Research shows the impact of Council's blanket ban on new takeaways

Gateshead Council has taken a blanket ban approach to new applications for fast food takeaways, to improve health and tackle childhood obesity.

New research co-authored by Fuse academics evaluated if Gateshead’s approach to planning had any significant impact in comparison to other local authorities in the North East which did not have any type of planning guidance.

It found that by using all of the planning policy available, the Council has been able to reduce the proportion of fast-food outlets in the borough by 14 percent. It also reduced the density of takeaway outlets available to around 13 less outlets for every 100,000 residents.

Gateshead has higher than the average national levels of children who are either overweight or obese, and research has shown that the food available close to where people are, is likely to influence what they eat, and therefore their health.

It is also known that the food offered by takeaway outlets can contribute to becoming overweight or obese if they are eaten frequently.

As part of work to support the health of residents, Gateshead Council took the decision (in 2015) to use the planning policy available to them, to prevent any further fast-food outlets opening in the borough. These were:

  • Restricting new fast-food outlets near schools
  • Restricting new fast-food outlets if the density of existing outlets has surpassed a certain threshold of all retail outlets (no more than 20% of all outlets can be fast-food)
  • Restricting new fast-food outlets if childhood obesity rates are above a certain threshold (no more than 20% based upon data from National Childhood Measurement Programme for children aged 4-5 and 10-11).

The study was led by Professor Heather Brown, Fuse Associate at Lancaster University, and co-authored by Fuse Deputy Director Professor Amelia Lake (Teesside University); and fellow Fuse Associates Nasima Akhter (Durham University); Huasheng Xiang, Louis Goffe and John Wildman (Newcastle University).

Importance for planning policy

The results provide important evidence for both local and national government on useful ways to promote a healthier environment in a short space of time.

The research identified that it is also important to consider these findings in the context of proposed changes to planning legislation and how local government can make a difference to their environment in the future.

Professor Heather Brown, formerly of Newcastle University where she co-led the Fuse Health Inequalities Research Programme, said: "Obesity is a complex health issue that stems from a variety of causes, but we do know that where we live and work influences the food that we eat, our weight, and our health.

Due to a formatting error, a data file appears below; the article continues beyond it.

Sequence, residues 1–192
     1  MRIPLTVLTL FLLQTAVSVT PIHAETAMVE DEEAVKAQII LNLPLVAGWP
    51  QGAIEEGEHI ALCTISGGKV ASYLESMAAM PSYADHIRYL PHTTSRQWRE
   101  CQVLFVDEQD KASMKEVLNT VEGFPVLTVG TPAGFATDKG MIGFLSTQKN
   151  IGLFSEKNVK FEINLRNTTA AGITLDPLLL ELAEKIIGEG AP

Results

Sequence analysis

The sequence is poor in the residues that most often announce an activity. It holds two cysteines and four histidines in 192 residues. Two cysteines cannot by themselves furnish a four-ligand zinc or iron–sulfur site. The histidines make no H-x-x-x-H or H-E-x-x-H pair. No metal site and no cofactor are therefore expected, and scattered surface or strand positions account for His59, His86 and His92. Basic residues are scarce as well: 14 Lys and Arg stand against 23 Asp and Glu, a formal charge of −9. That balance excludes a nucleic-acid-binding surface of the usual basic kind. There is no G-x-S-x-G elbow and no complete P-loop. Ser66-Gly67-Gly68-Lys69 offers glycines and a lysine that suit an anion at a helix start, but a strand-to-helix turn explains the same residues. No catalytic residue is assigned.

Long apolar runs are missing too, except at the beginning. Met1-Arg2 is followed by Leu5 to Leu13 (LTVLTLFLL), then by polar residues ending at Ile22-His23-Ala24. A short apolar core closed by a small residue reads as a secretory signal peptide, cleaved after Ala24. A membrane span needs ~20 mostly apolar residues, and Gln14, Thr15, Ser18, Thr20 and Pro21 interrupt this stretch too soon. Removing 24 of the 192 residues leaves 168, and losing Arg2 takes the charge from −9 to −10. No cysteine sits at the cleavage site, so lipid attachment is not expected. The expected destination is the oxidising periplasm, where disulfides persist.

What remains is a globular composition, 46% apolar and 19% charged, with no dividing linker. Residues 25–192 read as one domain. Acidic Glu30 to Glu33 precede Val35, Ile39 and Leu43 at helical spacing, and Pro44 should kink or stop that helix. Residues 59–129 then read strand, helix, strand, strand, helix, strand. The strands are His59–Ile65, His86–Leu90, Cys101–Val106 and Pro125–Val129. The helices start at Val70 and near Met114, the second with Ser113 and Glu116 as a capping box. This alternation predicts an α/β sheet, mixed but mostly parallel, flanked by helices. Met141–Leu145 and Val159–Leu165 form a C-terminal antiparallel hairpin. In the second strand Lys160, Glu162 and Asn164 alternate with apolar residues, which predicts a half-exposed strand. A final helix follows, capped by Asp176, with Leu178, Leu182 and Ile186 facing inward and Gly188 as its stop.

"The use of planning policy can be one way for both local and national government to help shape a healthier environment – by limiting or restricting where certain types of food outlets can be located, and this research supports that."


  • Consideration should be given that the growth of food ordering platforms may limit how planning guidance can influence local area obesity rates in the future.
  • There needs to be better coordination between national and local government to develop a strategy to make sure the environment in which we live is health promoting.
  • Further research is needed to understand if reducing the number of fast-food outlets has an impact on diet and related health conditions, including obesity and other diet-related diseases.

Next steps

The next step is to look at if this change in the density and proportion of fast-food outlets has had any impact on childhood overweight and obesity between 2015 to 2019, and if this did anything to reduce inequalities in childhood weight.

The findings have been published in The Journal of Social Science and Medicine (August 2022).

The research project was funded by the National Institute for Health and Care Research (NIHR) Applied Research Collaboration (ARC) North East and North Cumbria.


Read the full paper: No new fast-food outlets allowed! Evaluating the effect of planning policy on the local food environment in the North East of England

Read Professor Heather Brown's accompanying Fuse blog post: What impact did a blanket ban on new takeaways have in Gateshead?


Adapted with thanks to the NIHR ARC NENC

Last modified: Thu, 01 Sep 2022 07:59:13 BST